Children of all ages go through a range of complex emotions. And very often neither do the kids nor the parents know how to manage them. Now a new indie publisher, AdiDev, has come up with a host of picture books for children—from toddlers to early readers—that help them make sense of this web of feelings. So, for instance, ‘Are Your Emotions Like Mine’, featuring a young girl and her lion friend, nudges toddlers (and their parents) to take a deep breath when faced with challenging situations, others like ‘Kindness with Mahavira’ and ‘Peace with Buddha’ take young readers through valuable messages—that each soul, be it an ant or a person, has equal value, and that the path to peace lies within oneself.
The books don’t pontificate over values, rather the beautiful illustrations and layered text drives home the message without being preachy. The bi-lingual books are often written in verse, and make for great bedtime reading. The roots of the publishing house were sown in 2015 when founder Chitwan Mittal moved from India to Singapore.
As an expat mom, her hunt for culturally relevant content for her two sons, Aditya and Dev, drove her from one bookstore to another. All this while, she kept recalling bedtime with her mother, who would offer a variety of storybooks (albeit of western origin). “I longed for picture books with stories and pictures native to south Asia. I decided to stop looking and start creating the very books that I wished to read to my children—ones that would connect them with their culture and values,” says Mittal. And, thus AdiDev Press was born—with the name derived from the names of her two sons, who continue to inspire her books.
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Often, parents resort to “teaching” cultural values and stories from myths and legends to their kids. However, that achieves the opposite effect of veering children off those stories. “This can never be done with books and materials that are uninspiring or dull, old-fashioned and outdated. If we want children to fall in love with our stories, then they need to be presented in an evocative, beautiful, and inspiring way. Children should feel excited and intrigued,” says Mittal. “When we are able to create this experience for our children, where we can explore and learn together, we can truly set them on a lifelong journey of discovery and celebration.”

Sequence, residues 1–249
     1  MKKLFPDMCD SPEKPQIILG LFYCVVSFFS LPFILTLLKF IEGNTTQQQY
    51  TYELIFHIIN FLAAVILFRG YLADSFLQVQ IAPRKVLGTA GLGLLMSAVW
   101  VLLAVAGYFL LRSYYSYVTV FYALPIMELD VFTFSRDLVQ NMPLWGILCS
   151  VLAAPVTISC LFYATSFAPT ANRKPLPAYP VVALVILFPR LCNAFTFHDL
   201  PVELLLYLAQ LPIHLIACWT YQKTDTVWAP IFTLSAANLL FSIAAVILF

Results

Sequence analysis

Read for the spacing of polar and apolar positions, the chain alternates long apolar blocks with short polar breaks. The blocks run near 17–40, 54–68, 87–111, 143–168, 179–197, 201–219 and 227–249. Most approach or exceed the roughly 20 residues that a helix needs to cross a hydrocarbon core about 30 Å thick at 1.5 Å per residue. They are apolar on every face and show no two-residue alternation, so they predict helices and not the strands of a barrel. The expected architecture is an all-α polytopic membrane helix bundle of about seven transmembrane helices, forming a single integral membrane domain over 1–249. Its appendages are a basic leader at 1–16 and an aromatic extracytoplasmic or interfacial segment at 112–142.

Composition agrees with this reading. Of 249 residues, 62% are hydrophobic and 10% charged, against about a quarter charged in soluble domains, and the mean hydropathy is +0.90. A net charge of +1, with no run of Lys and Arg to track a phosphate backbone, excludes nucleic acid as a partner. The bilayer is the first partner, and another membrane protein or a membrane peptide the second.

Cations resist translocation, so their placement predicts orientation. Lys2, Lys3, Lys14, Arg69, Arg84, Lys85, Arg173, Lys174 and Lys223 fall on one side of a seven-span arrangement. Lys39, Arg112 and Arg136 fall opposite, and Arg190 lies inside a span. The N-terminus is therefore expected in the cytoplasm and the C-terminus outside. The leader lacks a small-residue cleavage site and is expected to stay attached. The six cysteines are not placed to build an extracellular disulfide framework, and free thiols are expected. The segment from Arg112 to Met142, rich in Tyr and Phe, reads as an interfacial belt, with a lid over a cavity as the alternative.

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One fascinating title is ‘My First Hanuman Chalisa’, an illustrated book, which features the original text in Awadhi with English transliteration. It also comes with a QR code on the back cover that gives parents and kids access to verses and word meanings being read out loud. The reason I find the book interesting is that it is in no way religious in nature or promoting a faith. Through its illustrations and format, it simply seeks to get children to fall in love with Hanuman and stories from the Ramayana. “We took up the challenge of illustrating Hanuman in a completely original manner. Illustrator Aparajitha Vaasudev added elements of fantasy in a pop-culture style to create unforgettable imagery,” elaborates Mittal. “And we hope, through the pictures, to take children on a fantastical and wondrous journey, in which Hanuman is not just a god to be revered but a friend to be loved and held close to the heart.”
Meanwhile, the ‘Learning TO BE…’ series of board books have been inspired by a report by UNESCO on global education, which has named four pillars of learning: Learning to Know, Learning to Do, Learning to Live Together and Learning to Be. “Here, learning to Be, is associated with the essence of what it means to be human,” she says. Following the books on Guru Nanak, Mahavira and Gautam Buddha, the team is now working on new titles in the ‘Learning TO BE’ series on women in science and sportswomen, which have been written by poet Pervin Saket.
A series of bilingual books (Hindi and English) for early readers are also in the works, to be released later this year. Some of the titles include ‘A Pagdi for Sinh’, ‘One Elephant, Two Monkeys’ and ‘Animal Band’. “The purpose of this series is to introduce children to vocabulary related to south Asian clothing, musical instruments and Hindi numbers in a fun and playful manner. We also have another, much-awaited bilingual book, on colours called ‘Colours with Radha Krishna’,” says Mittal.